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Meg Haynes
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I remember the day.

I, dressed in all white, appeared with opening doors to you, down the aisle dressed in a grey tuxedo. We were young. You, twenty-three, and I, twenty-two, had a lot of life yet unlived. We had no idea what it meant to adult, and we hadn’t a clue what we were entering. Despite many urging for us to wait, we said we’ve got this, vowing for better or worse.

Remember our first year when I was working weddings on the weekend? You would come to sit with me while my clients partied down the hall. …

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During my last semester of college, I took a part-time job at Starbucks to help curb the pressure of finding a big-girl position upon graduation. I worked there through the summer until I found a role in the career I wanted.

Nearly four years after I moved on, I remember only a few things from training. For a regular latte, the steamed milk is poured over the espresso. For a Macchiato, the espresso is poured on top of the milk to leave a “mark.” (I was told that macchiato in English means to mark and that’s an easy way to…

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As I drove into Salt Lake City in the middle of a cross-country road trip, I received a text from one of my dear friends. Her little nephew, at only ten months old, had passed from a brain tumor. In just three short weeks, cancer ran through him so quickly that the medicine, doctors, and his little body couldn’t keep up.

I struggle to describe my friend’s heartbreak. Utterly devastated is the closest I can get. She was beside herself for everyone involved, especially the little boy who had so much life left to live.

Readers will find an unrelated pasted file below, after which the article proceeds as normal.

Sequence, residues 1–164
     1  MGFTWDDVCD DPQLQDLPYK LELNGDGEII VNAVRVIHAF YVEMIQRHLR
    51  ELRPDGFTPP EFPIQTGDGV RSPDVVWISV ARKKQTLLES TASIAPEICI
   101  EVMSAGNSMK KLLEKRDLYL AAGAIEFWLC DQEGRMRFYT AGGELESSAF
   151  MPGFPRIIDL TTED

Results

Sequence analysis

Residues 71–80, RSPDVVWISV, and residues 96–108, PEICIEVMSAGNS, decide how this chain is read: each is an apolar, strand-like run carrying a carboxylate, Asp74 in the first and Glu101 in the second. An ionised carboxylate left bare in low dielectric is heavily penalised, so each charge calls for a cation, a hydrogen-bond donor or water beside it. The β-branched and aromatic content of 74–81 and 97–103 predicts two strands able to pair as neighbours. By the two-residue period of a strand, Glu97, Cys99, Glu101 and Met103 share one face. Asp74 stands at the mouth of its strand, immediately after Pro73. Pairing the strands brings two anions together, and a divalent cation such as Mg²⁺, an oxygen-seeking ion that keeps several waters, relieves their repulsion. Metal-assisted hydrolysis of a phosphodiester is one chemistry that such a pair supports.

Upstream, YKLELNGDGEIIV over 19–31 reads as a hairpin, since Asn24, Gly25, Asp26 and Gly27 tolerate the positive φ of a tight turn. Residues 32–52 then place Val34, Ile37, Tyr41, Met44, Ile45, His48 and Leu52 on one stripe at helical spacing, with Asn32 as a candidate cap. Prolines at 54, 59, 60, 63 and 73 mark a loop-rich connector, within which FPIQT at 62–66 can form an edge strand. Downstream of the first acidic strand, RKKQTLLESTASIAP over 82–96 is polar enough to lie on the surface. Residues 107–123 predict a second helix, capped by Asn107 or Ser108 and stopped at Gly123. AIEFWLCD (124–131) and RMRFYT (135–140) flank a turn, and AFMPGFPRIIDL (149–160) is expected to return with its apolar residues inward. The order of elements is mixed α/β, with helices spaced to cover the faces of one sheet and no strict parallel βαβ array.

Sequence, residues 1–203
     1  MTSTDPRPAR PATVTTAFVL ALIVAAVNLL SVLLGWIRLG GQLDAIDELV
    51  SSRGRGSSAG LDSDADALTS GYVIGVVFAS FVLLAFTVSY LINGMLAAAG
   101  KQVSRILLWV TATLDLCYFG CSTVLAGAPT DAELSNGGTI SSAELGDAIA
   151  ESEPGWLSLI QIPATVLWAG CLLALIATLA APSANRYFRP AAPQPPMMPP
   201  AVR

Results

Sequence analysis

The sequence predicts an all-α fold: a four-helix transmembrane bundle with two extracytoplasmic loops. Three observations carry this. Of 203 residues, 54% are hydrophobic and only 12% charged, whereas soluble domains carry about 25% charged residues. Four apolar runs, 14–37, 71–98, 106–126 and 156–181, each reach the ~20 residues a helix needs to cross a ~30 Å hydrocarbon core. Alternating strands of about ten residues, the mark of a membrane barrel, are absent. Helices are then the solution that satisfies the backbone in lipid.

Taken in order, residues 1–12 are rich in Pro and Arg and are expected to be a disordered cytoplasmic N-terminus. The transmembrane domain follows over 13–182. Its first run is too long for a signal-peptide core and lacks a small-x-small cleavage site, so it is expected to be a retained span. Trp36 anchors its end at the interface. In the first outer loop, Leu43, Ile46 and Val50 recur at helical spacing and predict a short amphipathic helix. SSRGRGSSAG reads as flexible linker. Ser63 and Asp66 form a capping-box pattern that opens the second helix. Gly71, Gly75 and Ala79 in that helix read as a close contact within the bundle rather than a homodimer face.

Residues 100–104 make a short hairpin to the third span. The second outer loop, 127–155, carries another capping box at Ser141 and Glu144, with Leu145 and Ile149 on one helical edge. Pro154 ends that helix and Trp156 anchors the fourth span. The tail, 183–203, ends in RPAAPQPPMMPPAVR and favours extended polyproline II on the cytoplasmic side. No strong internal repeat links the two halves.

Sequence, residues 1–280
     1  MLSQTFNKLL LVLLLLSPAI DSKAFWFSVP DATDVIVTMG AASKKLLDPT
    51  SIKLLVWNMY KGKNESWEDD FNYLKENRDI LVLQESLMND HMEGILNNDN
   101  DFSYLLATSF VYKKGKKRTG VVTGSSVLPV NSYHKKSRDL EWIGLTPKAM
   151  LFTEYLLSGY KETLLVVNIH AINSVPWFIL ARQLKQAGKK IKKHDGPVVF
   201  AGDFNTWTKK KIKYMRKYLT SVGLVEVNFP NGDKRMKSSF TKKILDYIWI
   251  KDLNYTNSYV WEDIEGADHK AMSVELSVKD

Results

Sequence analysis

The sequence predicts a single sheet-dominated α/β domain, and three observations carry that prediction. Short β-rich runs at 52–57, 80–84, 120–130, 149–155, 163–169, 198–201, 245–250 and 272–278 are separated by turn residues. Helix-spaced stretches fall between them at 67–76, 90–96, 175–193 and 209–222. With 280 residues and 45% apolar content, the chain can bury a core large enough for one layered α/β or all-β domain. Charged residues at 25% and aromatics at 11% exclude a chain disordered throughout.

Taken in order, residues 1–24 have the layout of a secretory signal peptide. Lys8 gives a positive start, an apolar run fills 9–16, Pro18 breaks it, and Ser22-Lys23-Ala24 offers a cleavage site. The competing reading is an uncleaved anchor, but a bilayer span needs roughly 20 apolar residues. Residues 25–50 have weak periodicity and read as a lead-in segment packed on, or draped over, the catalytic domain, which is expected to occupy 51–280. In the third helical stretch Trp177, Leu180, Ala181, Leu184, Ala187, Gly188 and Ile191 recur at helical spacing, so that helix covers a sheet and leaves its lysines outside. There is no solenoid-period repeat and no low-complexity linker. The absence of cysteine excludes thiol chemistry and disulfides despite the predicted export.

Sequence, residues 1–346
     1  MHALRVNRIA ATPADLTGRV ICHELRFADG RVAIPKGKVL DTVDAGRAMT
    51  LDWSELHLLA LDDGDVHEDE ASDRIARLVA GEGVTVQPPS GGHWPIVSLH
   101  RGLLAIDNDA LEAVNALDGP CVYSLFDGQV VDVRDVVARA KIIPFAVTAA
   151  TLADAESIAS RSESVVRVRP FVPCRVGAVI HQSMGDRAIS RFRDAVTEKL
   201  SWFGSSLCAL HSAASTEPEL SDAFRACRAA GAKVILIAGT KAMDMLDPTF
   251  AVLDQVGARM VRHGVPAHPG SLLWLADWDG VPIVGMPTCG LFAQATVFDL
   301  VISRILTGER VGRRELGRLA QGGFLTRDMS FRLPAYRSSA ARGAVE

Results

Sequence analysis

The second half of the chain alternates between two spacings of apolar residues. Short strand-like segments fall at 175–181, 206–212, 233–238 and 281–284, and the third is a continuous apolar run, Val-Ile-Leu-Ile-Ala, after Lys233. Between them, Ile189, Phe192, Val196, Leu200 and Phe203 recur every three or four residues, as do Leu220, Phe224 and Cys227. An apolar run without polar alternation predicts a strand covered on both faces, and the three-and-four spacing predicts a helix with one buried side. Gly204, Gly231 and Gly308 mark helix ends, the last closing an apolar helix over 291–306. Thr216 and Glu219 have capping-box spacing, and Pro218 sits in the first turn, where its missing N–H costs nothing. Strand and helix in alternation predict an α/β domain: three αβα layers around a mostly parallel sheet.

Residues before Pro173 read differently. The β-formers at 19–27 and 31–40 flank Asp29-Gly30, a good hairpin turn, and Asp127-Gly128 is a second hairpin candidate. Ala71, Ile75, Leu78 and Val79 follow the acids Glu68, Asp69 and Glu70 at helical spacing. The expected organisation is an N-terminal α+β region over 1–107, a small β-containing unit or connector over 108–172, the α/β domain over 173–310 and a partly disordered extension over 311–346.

Watching a friend grieve

As 2020 has so kindly…

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Last year I taught high school English. I am twenty-six, but I look like I am eighteen. With my obvious young age, I quickly became the teacher who some students adored (others hated) because they felt I could relate to them. Because the students were more comfortable being themselves around me, I learned quite a bit of juicy things.

I had a favorite student. Well, I had many favorite students, some not-so-favorite-at-all students (what can I say? I’m human.) But one student, I’ll call him Boy, has the best tellable stories. Usually, he would visit before the bell rang in…

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All election week my stomach was in knots.

I feared what would happen if Joe Biden won. Would Trump’s loyalists storm the streets as they did in my once-home of Charlottesville? I also feared what would happen if Donald Trump won. How many people would feel completely unheard, disrespected, and uncared for?

Fortunately, more love and positivity stormed the streets when NBC announced the projected president-elect. Unfortunately, I fear the number of votes for Trump reinforced how far the country still has left to go, no matter the president.

In November 2016, I barely paid attention to politics. Then, I…